KZ: I suppose certain vested interest groups, who do not believe in the people’s right to choose their leaders, were behind such an idea. And, who knows, some leaders of the political parties concerned were forced to support the theory.

NA: How do you evaluate the performance of the caretaker/interim government of Dr Fakhruddin Ahmed, particularly in terms of its pronounced objective to prepare a level playing field for a credible national election?
KZ: We are now nearly at the end of the roadmap towards holding a free and fair general election. Whether a level playing field has been created and will be maintained can be assessed only after the election has been held. We and our countrymen will observe how the election is conducted and will come to a conclusion after that. May I say that the field is still certainly not level. The BNP was put in an uphill position. Some efforts are now being made to put that right. A true level playing field has to be created. Otherwise, the results will not be acceptable to the people. The interim government and the Election Commission must realise this. If other parties are given an easier field whilst the BNP has to toil on a hard field, the competition will be unfair, the results will be misrepresenting. We have to watch how sincerely this work of creating a level playing field continues till the election.

NA: Do you think that the government of Fakhruddin Ahmed is functioning within the framework of the state’s constitution, particularly in terms of its tenure and jurisdictions? If not, what steps would you take, if voted to power again, about the policy decisions – political and economic – that the government has made and implemented?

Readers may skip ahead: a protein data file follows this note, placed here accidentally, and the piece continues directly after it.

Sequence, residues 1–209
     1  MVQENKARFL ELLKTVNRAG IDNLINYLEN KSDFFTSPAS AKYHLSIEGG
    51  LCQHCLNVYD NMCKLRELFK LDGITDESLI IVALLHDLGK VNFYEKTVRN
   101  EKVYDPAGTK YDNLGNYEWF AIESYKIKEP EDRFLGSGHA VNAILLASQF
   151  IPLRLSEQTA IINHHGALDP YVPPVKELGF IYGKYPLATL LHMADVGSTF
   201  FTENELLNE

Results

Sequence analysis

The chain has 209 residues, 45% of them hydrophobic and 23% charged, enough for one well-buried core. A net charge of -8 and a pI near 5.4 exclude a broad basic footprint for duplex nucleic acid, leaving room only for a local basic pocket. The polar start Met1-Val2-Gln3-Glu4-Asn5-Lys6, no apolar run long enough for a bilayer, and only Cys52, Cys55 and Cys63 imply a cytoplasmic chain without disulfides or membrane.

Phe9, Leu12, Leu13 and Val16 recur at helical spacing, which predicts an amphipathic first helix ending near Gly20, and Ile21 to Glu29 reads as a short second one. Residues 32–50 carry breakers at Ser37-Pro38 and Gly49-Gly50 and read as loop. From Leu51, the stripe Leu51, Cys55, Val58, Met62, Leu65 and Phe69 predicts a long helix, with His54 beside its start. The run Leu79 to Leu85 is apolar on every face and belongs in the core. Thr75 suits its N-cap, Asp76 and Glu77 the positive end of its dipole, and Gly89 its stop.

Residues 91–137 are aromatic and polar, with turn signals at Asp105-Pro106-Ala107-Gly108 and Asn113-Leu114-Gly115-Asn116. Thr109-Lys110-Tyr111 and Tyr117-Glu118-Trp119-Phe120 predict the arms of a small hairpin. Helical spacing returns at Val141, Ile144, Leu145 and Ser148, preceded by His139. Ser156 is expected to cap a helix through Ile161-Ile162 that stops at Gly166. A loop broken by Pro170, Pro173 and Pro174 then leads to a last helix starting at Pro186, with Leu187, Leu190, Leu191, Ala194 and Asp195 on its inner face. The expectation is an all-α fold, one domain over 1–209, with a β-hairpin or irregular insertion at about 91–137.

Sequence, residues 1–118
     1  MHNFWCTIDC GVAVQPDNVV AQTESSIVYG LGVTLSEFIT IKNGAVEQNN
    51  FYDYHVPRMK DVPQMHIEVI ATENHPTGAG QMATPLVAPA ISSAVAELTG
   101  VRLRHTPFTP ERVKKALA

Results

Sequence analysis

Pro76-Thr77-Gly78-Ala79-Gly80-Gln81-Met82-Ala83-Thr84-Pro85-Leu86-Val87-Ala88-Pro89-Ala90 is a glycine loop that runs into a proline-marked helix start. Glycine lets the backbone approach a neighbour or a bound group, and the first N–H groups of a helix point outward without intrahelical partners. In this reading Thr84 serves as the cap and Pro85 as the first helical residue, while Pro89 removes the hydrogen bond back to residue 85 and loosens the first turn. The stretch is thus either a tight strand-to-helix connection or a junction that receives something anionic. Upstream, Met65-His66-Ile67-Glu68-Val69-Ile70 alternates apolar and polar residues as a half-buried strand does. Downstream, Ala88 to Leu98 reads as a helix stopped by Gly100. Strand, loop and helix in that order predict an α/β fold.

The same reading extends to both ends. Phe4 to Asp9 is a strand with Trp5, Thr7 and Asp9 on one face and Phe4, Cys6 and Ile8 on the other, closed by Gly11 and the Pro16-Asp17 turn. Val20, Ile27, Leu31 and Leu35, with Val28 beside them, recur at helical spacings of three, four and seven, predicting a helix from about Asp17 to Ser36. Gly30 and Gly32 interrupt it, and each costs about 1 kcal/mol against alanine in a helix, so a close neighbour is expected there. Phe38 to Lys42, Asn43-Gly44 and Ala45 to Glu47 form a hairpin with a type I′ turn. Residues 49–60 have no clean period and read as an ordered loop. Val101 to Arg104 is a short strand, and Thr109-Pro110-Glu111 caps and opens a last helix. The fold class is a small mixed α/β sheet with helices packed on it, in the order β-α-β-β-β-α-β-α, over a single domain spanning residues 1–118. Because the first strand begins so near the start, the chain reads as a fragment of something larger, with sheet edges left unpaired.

KZ: The interim government set its own course, tenure, jurisdiction and agenda. If some irregularity has occurred during this government’s rule, we may have to accept that as a reality. If voted to power again, good political and economic decisions by this government will be allowed to continue. Generally, an incoming government does not change good decisions by the outgoing government. This is normal, practical and sensible. But, bad decisions by the outgoing government may have to be reconsidered by the incoming parliament.

NA: Do you find the Election Commission, headed by ATM Shamsul Huda, a party neutral body? Given the fact that the commission refused to recognise Khandaker Delwar Hossain as the secretary general of your BNP for months, do you think it can deliver a free and fair national election?
KZ: Everybody expects that the Election Commission will deliver a free and fair election, so do I. However, I would like to point out that only very recently the chief election commissioner has admitted that the BNP was unfairly treated. That is why we had demanded the re-organisation of the EC. The CEC has now apologised and although we are in a forgiving mood, we must point out that this EC has taken nearly two years to hold a national election. That is a very long time. No other EC had taken this much time.